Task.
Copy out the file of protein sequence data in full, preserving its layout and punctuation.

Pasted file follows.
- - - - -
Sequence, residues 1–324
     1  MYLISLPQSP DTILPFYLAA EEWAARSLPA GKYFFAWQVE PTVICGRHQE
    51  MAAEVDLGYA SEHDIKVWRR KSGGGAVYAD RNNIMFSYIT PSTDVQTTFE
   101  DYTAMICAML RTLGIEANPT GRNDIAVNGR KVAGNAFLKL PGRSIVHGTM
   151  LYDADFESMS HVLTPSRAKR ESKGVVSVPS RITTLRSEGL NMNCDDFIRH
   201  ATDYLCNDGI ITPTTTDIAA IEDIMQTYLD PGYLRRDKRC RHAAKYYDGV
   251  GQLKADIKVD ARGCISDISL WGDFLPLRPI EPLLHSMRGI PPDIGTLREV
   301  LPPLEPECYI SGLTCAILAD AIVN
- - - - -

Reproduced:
Sequence, residues 1–324
     1  MYLISLPQSP DTILPFYLAA EEWAARSLPA GKYFFAWQVE PTVICGRHQE
    51  MAAEVDLGYA SEHDIKVWRR KSGGGAVYAD RNNIMFSYIT PSTDVQTTFE
   101  DYTAMICAML RTLGIEANPT GRNDIAVNGR KVAGNAFLKL PGRSIVHGTM
   151  LYDADFESMS HVLTPSRAKR ESKGVVSVPS RITTLRSEGL NMNCDDFIRH
   201  ATDYLCNDGI ITPTTTDIAA IEDIMQTYLD PGYLRRDKRC RHAAKYYDGV
   251  GQLKADIKVD ARGCISDISL WGDFLPLRPI EPLLHSMRGI PPDIGTLREV
   301  LPPLEPECYI SGLTCAILAD AIVN